Because of our experience with COVID, more people know how respiratory viruses spread and are willing to take precautions, experts say. COVID has normalized wearing a mask in public. So it appears more people are taking precautions against other viral threats like the common cold, the flu, and respiratory syncytial virus (RSV).
“I do think people are more cautious – they are washing their hands more and [are] more aware of being in crowded spaces. So overall, the awareness of virus transmission has increased,” Smalls-Mantey said.
Individual risk tolerance also drives use of protective measures.
“In my experience, people that tend to be more anxious about things tend to be more anxious about COVID,” Smalls-Mantey said. As a result, they are more likely to moderate their behavior, avoid crowds, and adhere to social distancing. In contrast, there is the “I’m fine” group – people who see their COVID risk as lower and think they don’t have the same risk factors or need to take the same precautions.
A Mix of Optimism and Pessimism?
“It’s a glass half empty, half full situation” we find ourselves in as we approach the fourth anniversary of the COVID pandemic, said Kawsar Rasmy Talaat, MD, an infectious disease and international health specialist at Johns Hopkins University.
Our newfound agility, or ability to respond quickly, includes both the new vaccine technology and the response the FDA has shown as new COVID variants emerge.
On the other hand, collectively we are better at responding to a crisis than preparing for a future one, she said. “We’re not very good at planning for the next COVID variant or the next pandemic.”
And COVID does not circulate on its own. The flu “is going crazy right now,” Talaat said, “so it’s really important to get as vaccinated as possible.” Americans can protect themselves against the JN1 COVID variant, protect themselves against the flu, and if they are older than 60 and/or have other medical conditions, get a vaccine to prevent RSV.
The Future Is Uncertain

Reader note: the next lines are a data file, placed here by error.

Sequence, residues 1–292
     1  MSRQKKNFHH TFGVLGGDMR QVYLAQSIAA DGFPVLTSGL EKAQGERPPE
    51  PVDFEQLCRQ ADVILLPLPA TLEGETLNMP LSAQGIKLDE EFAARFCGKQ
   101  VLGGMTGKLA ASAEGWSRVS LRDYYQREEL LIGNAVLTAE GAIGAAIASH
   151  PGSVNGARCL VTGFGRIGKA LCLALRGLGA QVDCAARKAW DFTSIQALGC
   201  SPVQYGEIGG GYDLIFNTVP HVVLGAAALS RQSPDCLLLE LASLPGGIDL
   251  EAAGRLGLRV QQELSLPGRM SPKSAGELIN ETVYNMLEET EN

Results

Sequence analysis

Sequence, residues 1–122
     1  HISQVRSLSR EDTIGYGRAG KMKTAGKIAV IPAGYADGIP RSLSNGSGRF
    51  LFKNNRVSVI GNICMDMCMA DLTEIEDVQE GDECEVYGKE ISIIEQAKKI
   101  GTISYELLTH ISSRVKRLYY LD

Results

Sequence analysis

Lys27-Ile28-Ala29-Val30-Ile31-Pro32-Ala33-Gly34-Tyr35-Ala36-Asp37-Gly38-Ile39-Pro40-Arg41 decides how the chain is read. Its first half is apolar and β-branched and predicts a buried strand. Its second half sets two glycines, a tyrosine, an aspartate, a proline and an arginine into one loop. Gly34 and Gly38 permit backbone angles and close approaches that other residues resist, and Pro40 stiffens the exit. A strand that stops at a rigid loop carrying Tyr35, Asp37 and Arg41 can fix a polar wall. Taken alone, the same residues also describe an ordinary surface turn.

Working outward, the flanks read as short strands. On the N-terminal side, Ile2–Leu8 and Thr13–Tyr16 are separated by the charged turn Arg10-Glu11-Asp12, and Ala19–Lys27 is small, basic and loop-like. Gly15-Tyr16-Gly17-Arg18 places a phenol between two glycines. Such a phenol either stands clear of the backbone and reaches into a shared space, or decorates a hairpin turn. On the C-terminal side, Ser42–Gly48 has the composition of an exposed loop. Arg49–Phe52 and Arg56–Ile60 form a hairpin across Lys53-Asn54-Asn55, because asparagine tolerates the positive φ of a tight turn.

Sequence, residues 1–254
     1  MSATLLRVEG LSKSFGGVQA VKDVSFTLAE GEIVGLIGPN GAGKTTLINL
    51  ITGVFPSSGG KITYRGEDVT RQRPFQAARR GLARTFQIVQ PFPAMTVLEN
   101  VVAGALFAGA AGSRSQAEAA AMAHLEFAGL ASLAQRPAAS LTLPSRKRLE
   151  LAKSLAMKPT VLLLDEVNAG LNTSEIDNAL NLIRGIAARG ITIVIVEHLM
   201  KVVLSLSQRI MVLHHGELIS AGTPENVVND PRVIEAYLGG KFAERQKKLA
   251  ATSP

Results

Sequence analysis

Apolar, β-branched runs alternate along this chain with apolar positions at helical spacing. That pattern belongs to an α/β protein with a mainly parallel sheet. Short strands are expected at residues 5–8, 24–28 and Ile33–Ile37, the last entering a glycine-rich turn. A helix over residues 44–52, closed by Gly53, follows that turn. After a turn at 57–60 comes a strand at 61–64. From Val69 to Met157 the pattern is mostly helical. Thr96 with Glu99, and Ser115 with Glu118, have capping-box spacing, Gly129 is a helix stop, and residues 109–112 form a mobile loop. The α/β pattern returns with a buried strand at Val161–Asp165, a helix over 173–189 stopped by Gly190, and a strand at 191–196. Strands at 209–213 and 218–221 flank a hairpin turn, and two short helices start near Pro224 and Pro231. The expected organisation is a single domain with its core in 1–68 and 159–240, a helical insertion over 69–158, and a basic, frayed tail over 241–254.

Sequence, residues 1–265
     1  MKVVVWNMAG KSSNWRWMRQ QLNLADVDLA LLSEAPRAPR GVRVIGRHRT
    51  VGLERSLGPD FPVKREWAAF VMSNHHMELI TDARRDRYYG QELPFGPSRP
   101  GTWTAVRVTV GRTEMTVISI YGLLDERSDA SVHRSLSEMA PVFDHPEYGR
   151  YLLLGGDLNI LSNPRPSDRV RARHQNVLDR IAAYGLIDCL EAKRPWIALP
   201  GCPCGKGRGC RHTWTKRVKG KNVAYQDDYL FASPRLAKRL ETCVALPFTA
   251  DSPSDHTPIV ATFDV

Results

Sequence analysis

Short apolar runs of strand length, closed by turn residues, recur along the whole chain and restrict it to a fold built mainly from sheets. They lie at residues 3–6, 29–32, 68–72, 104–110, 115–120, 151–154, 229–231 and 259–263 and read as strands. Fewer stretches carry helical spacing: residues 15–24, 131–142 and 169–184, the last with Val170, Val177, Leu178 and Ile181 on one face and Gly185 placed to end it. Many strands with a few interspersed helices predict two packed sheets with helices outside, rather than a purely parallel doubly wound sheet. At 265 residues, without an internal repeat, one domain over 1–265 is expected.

Our track record is pretty good on responding to COVID, said Antoine Flahault, MD, PhD, director of the Institute of Global Health at the University of Geneva in Switzerland. “About 2,000 different new variants of SARS-CoV-2 [the virus that causes COVID] have already emerged in the world, and the game is not over.”
Regarding a future threat, “we do not know if among the new emerging variants, one of them will be much more dangerous, escaping from immunity and from existing vaccines and triggering a new pandemic,” said Flahault, lead author of a June 2023 commentary, “No Time for Complacency on COVID-19 in Europe,” in the journal Lancet.
Flahault described the public health response to the pandemic as largely effective. “However, we can probably do better, at least we could try performing better against SARS-CoV-2 and all respiratory viruses which cause a huge burden in our societies.” He said improved indoor air quality could go a long way.
“We have learned from the pandemic that respiratory viruses are all almost exclusively transmitted through aerosolized fine particles when we breathe, speak, sing, cough, or sneeze in poorly ventilated and crowded indoor spaces,” Flahaut said. If we want to be better prepared, it is time to act. “It is time to protect people from acquiring respiratory agents, and that means massively improving indoor air quality.”
Talaat remains a bit pessimistic about the future, believing it’s not if we’ll have another public health emergency like COVID, but when. “We need to be better prepared for the next pandemic. It’s just a matter of time.”